Service & Sacrifice: The Comeback Cadet

11:09 PM, Mar 7, 2013   |    comments
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After a motorcycle wreck that crushed his back and tore up one of his knees, Brandon Abrao faced a recovery that threatened to derail his dream of piloting a plane in the Air Force.

"I'd fly anything but I think I'd be happiest with something that goes fast," said the 21-year-old cadet in the ROTC program at the University of Tennessee.

During our on camera interview, Cadet Abrao looks back at his recovery over the last year and a half.  It is one his commanders call, "remarkable." 

Now in his junior year at UT he has managed to stay on a path to becoming a military flyer and even secured a coveted "pilot slot" in the Air Force assuming the 3.7 GPA student graduates and passes one more flying physical.

In addition to the on camera interview, he took time out of his studies and physical training to answer the 10 questions below that offer more perspective on his life.

1. What one person influenced you most in life?
That would definitely be dad. His work ethic. Raising three kids by himself without much money I know that was extremely stressful but he didn't show it. He raised me with all the qualities I have today.

2. Do you feel honored and respected for serving your country?
Oh yea. I get it all the time even though I haven't gone active duty yet. People in East Tennessee are very respectful.

3. How can people thank you for your service?
Every time I'm in uniform people thank me. Donate to Wounded Warrior Project or others that support the troops.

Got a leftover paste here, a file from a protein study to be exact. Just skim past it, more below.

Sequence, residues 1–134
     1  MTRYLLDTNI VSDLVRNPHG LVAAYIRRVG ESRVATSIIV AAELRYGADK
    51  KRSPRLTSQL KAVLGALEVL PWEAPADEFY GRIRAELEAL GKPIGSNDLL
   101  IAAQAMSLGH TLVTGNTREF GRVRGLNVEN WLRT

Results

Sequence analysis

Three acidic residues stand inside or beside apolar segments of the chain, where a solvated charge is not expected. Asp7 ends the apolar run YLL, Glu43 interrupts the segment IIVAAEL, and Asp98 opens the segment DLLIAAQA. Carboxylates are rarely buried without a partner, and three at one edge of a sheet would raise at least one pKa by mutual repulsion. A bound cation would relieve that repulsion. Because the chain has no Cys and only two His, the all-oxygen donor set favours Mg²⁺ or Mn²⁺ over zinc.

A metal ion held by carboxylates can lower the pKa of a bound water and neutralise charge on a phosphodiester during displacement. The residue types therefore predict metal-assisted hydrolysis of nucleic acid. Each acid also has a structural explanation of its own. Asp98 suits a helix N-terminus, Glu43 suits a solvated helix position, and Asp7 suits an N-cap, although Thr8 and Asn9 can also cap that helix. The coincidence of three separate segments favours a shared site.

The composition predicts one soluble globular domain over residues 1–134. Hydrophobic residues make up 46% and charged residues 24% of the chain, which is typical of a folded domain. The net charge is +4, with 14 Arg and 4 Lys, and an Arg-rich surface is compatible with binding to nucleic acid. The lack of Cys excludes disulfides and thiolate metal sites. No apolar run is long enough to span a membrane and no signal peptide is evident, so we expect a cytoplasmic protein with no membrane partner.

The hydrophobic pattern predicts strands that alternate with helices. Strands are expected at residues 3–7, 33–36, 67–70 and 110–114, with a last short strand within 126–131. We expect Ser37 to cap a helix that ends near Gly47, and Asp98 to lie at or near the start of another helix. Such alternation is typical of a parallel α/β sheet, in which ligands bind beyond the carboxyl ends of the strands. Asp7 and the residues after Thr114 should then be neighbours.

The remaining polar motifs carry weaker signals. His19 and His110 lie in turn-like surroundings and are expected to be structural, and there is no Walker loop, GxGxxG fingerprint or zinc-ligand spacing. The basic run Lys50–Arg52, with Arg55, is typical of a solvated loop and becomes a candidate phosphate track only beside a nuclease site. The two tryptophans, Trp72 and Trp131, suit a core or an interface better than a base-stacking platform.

4. How do you honor your fellow service men and women?
One thing I do is the Mountain Man Memorial March helping run that in Gatlinburg. I'm going to run this year for a Gold Star family to honor their loved one who was killed in combat.
Just wearing the uniform the proper way with all the customs and courtesy's. Keeping up with traditions.

5. How do you think older generations of military service men and women is different or similar to yours?
Technology has changed so much.  That is a huge difference. Maybe my generation is more technologically advanced.
I need more experience before answering much more about those differences.

6. What influence is your military service having on the rest of your life?
It has made me a lot more structured. I'm a lot more responsible and have a greater attention to detail when it comes to everything.

7. Does your family have a history of military service?
I have a brother in the Marines. He has done a tour in Iraq and one in Afghanistan. He is now in college on the GI Bill. My sister is a sub hunter on a Navy plane. She has served close to four years. Before them I can't think of any immediate family members who served.

8. Would you encourage younger generations in your family to join the service?
Definitely. I have a little brother graduating high school. We have the Marines, Navy, and Air Force covered so maybe he'll join the Army or the Air Force.

9. How has your opinion of war changed given your willingness to serve your country?
It is just know that you are not invincible. It is a realization of what you have committed to do. That has hit home.

10. What is one fact people should know about you that most don't?
Last time I counted I have moved 28 times, state to state in 21 years.


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